Importance & Benefits of Mother Milk for New Born Baby
As far as mother-milk’s importance to the baby is concerned, the WHO, the UNICEF, the International Organisation of Gynaecologists and Paediatricians-all these bodies have unequivocally declared that mother’s milk is the best food for the newly born baby, and no other kind of milk or baby food can ever rival its nutritive value. It is Nature’s supreme gift to the baby. It is replete with all the nutritional ingredients necessary for the growth and development of the baby. It enables the baby to resist the onslaught of diseases and imparts it immunity to infections.
A thick, viscous yellowish milk-like fluid is secreted in the mother’s breasts during the first few days after the birth of the baby. This is called the ‘Colostrums’. This fluid, which differs a little from mother’s milk secreted by her breast later, is not only nutritious for the baby but also contains large amounts of vitamin A, and, what is more important, antibodies to fight various infections and diseases. Every understanding and healthy mother should insist on giving this fortifying food to her child which contains the following grammas of ingredients to per 100 grams of colostrums:
(i) Proteins: 6 gms
(ii) Fats: 2.5 gms
(iii) Starch: 3 gms
The amount of colostrums secreted varies from 10 to 40 millilitres a day. Some of the benefits conferred on the baby by feeding this liquid to it are mentioned here:
1. The child is afforded protection against a number of disorders because of the antibodies contained in colostrums. Thus the child acquires powers of resistance to colds, cough, diarrhoea, suppuration of the ears, poliomyelitis and a number of other disorders that manifest themselves at later stages of development, such as allergies, asthma, skin diseases etc. Colostrums also ensures regular bowel movements of the baby, prevents constipation and gets it rid of the blackish wastes that have accumulated in the intestines of the child during its stay in the womb.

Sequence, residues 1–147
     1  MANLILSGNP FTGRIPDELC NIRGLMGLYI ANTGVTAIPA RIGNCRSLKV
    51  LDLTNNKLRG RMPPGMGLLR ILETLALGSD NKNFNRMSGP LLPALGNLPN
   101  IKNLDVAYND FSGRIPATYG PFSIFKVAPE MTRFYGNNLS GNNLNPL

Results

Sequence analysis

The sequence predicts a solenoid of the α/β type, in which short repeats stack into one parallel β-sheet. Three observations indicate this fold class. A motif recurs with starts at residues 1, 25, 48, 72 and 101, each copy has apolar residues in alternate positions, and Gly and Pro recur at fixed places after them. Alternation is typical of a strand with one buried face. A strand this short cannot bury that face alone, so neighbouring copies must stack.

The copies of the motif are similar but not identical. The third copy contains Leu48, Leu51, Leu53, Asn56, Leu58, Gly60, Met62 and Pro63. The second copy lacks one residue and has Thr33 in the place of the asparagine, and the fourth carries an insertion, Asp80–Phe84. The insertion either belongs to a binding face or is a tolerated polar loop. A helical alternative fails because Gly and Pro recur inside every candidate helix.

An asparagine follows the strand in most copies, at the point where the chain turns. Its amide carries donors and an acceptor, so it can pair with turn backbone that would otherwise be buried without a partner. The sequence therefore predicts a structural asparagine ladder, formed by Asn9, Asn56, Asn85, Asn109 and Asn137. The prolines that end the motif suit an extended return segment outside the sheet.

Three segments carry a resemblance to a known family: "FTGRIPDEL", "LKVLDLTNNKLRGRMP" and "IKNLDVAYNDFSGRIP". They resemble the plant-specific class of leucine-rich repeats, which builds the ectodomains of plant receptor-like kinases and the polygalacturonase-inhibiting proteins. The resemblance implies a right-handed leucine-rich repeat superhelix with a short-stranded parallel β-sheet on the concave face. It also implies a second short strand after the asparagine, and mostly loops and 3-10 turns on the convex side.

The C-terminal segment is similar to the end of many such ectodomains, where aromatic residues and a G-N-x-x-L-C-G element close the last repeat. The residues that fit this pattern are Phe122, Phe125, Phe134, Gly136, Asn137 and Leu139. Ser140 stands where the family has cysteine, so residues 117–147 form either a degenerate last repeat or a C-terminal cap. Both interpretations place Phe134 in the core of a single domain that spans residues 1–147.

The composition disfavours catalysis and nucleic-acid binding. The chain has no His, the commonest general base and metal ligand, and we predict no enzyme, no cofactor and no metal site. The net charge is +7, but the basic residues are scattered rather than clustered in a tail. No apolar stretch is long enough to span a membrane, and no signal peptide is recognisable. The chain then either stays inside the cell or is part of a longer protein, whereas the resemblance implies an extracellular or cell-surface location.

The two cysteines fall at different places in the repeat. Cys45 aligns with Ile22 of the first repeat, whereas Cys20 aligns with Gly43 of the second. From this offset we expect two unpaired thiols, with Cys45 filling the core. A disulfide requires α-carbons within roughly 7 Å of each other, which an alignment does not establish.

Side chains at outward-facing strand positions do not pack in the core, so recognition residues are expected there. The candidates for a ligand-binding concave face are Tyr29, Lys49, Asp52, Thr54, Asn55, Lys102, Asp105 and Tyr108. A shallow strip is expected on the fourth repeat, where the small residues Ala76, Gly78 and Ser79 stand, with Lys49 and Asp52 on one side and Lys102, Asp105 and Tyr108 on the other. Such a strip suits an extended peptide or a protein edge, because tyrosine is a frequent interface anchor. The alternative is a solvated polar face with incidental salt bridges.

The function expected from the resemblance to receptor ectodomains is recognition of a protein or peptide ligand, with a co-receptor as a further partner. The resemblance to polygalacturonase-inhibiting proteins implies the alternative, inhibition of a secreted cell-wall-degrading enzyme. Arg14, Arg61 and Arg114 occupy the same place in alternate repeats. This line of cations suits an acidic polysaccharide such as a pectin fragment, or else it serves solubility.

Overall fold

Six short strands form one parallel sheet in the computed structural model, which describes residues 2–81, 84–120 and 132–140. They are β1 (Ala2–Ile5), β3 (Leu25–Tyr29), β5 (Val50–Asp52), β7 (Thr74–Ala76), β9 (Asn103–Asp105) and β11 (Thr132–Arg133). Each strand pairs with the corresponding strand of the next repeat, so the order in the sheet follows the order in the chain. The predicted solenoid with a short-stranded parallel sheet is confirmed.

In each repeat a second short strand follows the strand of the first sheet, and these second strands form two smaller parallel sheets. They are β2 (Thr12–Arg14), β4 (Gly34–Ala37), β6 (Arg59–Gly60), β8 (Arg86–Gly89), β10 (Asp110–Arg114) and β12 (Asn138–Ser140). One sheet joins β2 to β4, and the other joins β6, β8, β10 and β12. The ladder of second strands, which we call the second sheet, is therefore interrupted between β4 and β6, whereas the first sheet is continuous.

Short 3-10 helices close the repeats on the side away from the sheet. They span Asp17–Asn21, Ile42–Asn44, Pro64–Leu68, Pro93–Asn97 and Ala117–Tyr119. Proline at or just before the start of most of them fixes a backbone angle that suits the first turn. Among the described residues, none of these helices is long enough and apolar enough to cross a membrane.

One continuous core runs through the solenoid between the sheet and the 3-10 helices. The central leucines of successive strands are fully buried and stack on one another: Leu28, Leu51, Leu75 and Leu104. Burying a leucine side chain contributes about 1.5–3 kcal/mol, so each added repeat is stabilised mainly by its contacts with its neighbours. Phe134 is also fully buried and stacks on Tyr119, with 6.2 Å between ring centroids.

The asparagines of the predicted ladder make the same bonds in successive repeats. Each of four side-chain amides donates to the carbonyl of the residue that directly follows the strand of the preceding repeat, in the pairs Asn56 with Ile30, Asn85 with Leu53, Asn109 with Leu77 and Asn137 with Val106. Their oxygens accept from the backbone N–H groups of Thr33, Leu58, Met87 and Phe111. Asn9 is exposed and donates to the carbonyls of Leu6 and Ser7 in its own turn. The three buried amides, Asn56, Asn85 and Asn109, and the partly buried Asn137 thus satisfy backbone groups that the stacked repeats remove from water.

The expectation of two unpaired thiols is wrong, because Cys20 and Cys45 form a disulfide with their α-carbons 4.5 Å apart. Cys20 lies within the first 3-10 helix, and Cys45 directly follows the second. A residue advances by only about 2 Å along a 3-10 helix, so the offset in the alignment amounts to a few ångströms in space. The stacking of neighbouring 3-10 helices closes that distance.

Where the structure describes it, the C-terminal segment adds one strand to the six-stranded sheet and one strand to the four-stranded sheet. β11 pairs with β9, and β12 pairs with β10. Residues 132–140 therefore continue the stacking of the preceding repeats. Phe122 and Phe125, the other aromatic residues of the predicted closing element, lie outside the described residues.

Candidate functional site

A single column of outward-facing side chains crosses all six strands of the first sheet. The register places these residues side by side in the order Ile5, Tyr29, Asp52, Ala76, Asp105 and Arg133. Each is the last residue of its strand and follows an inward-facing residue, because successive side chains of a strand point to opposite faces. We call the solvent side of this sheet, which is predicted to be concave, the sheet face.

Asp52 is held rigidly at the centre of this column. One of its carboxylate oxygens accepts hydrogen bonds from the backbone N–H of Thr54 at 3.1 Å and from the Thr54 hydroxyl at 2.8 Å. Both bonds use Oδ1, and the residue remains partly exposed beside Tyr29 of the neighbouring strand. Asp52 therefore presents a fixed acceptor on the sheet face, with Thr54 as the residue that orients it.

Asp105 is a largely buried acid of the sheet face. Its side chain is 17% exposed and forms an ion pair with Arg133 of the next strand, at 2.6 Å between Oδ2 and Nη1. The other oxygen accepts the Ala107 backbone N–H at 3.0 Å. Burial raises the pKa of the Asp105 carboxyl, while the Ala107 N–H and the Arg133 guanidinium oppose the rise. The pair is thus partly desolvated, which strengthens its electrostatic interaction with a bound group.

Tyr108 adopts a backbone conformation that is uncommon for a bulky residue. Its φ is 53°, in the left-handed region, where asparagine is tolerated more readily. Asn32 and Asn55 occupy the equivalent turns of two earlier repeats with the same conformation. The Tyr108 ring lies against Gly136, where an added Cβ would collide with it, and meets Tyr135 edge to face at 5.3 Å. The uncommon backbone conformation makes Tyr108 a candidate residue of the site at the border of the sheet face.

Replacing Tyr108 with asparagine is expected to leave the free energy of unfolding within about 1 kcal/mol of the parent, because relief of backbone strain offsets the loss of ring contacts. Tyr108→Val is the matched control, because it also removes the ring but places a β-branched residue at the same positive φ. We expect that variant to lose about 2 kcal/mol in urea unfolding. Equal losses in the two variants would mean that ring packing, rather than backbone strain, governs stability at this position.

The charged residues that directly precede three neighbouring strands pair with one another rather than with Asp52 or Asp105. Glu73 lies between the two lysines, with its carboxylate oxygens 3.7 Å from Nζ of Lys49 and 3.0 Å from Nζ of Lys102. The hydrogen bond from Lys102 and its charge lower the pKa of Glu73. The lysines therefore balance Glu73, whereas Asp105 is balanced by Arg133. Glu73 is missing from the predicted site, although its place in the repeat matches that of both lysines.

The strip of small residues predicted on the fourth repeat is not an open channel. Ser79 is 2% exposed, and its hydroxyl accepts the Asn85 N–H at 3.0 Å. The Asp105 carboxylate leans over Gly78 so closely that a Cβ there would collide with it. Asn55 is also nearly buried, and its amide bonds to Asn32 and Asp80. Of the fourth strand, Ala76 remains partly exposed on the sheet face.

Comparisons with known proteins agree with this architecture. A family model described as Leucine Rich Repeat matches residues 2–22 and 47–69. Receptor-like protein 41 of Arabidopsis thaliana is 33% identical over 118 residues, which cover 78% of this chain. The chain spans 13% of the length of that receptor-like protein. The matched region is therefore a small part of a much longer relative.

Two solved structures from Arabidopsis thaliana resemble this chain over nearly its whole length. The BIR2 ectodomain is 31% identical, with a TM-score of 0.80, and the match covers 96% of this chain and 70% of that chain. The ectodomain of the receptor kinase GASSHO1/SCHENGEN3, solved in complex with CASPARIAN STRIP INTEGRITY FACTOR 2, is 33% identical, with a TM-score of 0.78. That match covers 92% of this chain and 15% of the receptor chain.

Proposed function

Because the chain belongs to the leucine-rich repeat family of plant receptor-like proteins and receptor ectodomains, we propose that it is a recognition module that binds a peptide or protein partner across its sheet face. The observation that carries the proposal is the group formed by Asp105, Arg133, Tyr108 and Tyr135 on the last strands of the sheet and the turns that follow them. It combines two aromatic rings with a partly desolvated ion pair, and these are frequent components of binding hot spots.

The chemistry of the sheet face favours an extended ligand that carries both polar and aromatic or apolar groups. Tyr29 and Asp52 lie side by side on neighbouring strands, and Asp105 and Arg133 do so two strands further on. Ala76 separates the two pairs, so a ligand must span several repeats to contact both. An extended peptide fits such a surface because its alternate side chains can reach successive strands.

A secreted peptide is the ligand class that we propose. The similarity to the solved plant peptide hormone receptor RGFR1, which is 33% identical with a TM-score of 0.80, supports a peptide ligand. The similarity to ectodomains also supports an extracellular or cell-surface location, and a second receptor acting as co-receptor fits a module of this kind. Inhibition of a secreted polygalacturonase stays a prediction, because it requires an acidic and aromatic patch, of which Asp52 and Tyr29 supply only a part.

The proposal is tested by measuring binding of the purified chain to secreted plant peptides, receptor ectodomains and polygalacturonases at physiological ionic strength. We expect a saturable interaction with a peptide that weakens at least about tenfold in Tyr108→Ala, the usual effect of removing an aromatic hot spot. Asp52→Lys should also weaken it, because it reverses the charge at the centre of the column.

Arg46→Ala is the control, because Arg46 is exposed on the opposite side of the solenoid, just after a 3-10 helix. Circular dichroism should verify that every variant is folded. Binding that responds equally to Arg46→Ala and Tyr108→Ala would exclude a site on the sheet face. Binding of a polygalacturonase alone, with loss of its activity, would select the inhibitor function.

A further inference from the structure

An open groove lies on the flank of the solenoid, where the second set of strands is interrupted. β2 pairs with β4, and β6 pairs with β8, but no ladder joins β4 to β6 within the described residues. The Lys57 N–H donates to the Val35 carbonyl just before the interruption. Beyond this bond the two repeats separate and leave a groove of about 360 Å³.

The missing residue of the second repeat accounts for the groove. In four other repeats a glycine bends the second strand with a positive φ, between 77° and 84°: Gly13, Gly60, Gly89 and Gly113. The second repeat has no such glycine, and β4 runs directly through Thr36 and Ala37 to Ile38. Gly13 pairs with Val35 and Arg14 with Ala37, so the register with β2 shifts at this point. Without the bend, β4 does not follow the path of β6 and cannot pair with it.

2. Colostrums enhances the digestive powers of the child, defends it against the untoward effects of some foods, and stimulates the secretion of various digestive juice in the intestines of the baby, which will subsequently help it in the digestion of milk, fruits and such other foods in its later life.
3. This liquid promotes the growth of certain beneficial bacteria in the intestines and facilitates digestion and absorption of various foods.
Most healthy mothers of average physique produce half a litre to three quarters of a litre of milk in a day. This is quite sufficient for the nutritional requirements of the new-born baby. If the amount of milk produced keeps pace with the growth and growing requirements of the child, there is no need of any additional food to be given to the baby for three to four months at least. But what happens, in fact, is that the production of breast milk gradually decreases, while the requirements of the baby are increasing. Under these circumstances the baby has to be given pasteurised milk of low fat content, and fruit juices, in addition to breast milk.
Normally, the breast-feeding should continue for about six months. However, as a rough estimate it can be stated that after the first week, six to eight feeds a day would be advisable. This frequency should ensure that the baby remains calm, cheerful and healthy.